Aging in Place by Room -Part 29 - Accessible Beds

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By Anna Hazard
Accessible Aging in Place Bedroom Furniture Picture

Introduction

Previous studies have indicated that the bed and other bedroom related furniture are a the cause of a high percentage of home related injuries after accidents suffered in the kitchen and bathroom. This is particularly so for seniors who tend to spend more time in the bedroom and are already prone to injuries and accidents due to frailer health, to the point that more than 300,000+ seniors over the age of 65 are treated in emergency rooms per year due to bedroom related accidents.

Due to this, special care should be taken when it comes to choosing the proper furniture for an aging in place or accessible bedroom.
Accessible Bed Picture

Accessible Bed Height

When it comes to the bedroom, the most important piece of furniture found within it is also directly mentioned within the room's name. Due to its prominence and everyday use, the bed is one of the most significant pieces of equipment that should be tailored for easy accessibility when it comes to aging in place.

In particular, its paramount that the bed surface is at an easy height to both get in and get out of without losing one's balance or potentially falling. For most people, the top of the bed mattress should be no more than 20 - 23" high from the surface of the floor. This would be around knee height for the majority of adults which would allow the user to plant both of their feet firmly on the floor and push off the bed with knees slightly bent in order to more easily stand up.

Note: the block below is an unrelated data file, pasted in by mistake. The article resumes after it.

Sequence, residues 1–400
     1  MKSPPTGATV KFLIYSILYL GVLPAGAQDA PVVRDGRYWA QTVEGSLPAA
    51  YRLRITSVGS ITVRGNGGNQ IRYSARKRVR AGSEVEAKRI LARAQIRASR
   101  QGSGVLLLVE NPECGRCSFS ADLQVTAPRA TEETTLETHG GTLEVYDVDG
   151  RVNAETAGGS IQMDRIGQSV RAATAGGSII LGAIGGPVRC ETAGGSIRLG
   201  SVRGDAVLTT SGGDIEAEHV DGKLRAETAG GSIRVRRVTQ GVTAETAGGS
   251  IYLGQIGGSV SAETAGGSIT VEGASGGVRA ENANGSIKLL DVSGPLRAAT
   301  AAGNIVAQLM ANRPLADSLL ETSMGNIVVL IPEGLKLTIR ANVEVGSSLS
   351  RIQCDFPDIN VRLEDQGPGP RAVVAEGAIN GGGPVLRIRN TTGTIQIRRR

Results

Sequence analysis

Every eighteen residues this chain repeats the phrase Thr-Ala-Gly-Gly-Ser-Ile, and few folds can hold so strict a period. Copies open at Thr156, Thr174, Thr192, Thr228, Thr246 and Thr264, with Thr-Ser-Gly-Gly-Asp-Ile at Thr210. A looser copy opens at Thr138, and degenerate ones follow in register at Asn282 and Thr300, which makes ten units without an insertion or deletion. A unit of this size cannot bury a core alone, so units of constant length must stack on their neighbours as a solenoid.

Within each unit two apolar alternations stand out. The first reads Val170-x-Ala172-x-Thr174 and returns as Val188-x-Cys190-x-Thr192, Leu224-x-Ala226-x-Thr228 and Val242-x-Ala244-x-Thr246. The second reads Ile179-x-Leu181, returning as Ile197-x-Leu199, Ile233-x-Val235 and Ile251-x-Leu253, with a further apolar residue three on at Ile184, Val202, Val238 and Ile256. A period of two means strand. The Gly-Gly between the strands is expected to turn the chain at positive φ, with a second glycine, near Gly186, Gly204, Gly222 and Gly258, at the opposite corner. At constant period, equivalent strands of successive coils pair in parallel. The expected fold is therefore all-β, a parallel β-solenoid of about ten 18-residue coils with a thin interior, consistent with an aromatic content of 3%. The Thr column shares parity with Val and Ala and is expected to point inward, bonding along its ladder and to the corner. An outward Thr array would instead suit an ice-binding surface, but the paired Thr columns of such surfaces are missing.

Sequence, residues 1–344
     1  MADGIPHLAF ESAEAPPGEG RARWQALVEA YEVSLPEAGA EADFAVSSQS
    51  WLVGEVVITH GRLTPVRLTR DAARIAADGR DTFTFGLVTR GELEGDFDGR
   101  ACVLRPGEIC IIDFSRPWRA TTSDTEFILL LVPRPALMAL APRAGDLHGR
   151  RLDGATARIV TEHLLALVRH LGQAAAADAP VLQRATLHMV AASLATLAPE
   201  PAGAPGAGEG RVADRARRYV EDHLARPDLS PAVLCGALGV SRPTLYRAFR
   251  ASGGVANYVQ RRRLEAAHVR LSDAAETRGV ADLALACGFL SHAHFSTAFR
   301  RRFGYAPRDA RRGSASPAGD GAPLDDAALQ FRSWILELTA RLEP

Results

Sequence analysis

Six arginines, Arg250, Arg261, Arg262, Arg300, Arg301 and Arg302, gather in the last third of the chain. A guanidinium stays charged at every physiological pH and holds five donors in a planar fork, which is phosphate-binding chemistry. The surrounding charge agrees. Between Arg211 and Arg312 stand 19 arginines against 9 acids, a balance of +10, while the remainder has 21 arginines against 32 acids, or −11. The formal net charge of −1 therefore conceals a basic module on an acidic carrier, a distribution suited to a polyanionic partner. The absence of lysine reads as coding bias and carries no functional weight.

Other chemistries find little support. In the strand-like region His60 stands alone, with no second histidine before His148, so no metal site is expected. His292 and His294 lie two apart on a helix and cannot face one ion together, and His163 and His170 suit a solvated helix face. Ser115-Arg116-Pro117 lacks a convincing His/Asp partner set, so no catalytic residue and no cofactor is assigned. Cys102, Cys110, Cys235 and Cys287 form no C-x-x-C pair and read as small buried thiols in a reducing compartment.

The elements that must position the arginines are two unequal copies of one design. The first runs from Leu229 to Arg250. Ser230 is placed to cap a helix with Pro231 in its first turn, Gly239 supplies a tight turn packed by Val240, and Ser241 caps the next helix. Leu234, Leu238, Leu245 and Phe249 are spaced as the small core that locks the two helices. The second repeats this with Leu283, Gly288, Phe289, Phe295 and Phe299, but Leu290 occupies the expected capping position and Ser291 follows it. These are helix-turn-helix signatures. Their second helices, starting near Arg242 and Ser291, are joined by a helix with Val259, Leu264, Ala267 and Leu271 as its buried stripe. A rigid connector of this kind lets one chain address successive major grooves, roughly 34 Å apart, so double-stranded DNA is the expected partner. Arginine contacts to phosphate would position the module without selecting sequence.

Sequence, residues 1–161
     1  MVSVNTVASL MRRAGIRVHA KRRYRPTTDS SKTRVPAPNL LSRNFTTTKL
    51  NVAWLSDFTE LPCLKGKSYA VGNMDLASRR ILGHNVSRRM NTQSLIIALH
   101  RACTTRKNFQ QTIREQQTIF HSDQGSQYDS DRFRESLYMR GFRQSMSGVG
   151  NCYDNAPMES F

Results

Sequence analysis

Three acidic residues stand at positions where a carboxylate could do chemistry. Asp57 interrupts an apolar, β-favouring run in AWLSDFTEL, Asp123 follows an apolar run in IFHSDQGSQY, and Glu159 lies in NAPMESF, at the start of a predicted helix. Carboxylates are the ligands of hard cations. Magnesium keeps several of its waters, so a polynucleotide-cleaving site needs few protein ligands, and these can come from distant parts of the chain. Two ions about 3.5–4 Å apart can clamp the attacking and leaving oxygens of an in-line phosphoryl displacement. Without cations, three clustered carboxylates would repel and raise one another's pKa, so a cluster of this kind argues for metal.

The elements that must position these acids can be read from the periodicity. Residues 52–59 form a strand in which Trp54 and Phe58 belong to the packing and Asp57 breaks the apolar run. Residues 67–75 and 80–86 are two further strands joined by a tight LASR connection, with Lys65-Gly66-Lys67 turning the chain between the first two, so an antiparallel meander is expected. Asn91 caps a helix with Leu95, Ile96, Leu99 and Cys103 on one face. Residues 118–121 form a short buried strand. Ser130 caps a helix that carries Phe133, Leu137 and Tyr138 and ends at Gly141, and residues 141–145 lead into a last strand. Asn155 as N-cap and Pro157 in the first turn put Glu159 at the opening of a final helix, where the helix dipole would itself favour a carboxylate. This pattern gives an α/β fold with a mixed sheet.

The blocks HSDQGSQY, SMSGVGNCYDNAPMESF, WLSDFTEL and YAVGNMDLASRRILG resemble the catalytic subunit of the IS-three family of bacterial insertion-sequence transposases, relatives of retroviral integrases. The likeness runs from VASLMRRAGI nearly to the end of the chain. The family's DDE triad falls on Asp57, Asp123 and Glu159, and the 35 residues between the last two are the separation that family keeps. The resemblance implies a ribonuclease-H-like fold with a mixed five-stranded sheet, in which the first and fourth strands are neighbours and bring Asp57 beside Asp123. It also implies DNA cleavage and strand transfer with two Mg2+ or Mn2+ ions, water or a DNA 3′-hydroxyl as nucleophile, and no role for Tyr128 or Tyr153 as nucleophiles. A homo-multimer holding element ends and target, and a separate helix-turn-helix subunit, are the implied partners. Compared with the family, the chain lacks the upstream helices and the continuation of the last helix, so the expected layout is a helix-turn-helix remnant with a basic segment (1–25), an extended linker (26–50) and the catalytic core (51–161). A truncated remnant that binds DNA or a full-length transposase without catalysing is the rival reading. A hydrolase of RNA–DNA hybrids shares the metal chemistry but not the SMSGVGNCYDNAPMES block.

A higher mattress height than this would increase the likelihood of injuries if one should fall out of the bed or fall over when getting in or out of it.
Bed Safety Railing Picture

Bed Railings & Bumper Pads

Bed railings are another common addition to an aging in place household. These railings can take two different forms-- safety bed rails which are meant for helping to prevent people from falling out of the bed (and tend to be similar in form to hospital bed rails) or assistive bed rails (more similar to grab bars) which are meant to help with stability and balance when the user climbs in or out of the bed.

Both types of bed rails (including hybrids meant for both support & protection) now come in a wide variety of styles to better blend in with the surrounding decor. This includes a floor to ceiling style that more commonly resembles a safety pole meant for balance. Otherwise, when it comes to potentially adding bed rails of either variety, keep in mind that certain styles of beds (such as many water beds or platforms beds) don't have the proper framing suitable for these types of installations.

For any rails in direct contact with the bed, it's recommended to also install bumper pads with a soft, cushioned surface over the exposed areas of the rails in order to avoid injury caused by rolling or falling against the bars. Also keep in mind that certain styles of bed rails can not be easily lowered, raised, or otherwise manually manipulated by the user while inside the bed. These types of railings should be avoided in households where a caregiver is not readily present.
Bedside Fall Safety Mat Picture

Other Bed Protection & Safety Measures

Other forms of protection when it comes to the bed include the placement of bedside fall protection mats with shock absorption for those who are prone to falling at the threshold of the bed (even with the presence of bed rails). These mats provide cushioning to help avoid injuries when tripping and also provide a soft landing for feet when simply getting out of the bed.